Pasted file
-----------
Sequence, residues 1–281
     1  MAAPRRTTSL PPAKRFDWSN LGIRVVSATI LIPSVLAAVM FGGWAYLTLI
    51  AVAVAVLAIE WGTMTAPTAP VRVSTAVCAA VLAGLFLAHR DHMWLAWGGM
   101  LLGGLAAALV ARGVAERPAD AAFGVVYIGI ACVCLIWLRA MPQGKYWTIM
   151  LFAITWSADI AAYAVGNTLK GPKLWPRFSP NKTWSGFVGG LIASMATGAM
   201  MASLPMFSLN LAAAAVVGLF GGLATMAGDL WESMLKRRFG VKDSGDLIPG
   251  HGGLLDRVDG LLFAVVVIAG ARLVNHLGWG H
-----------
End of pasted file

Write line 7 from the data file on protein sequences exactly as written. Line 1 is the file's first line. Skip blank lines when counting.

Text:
   251  HGGLLDRVDG LLFAVVVIAG ARLVNHLGWG H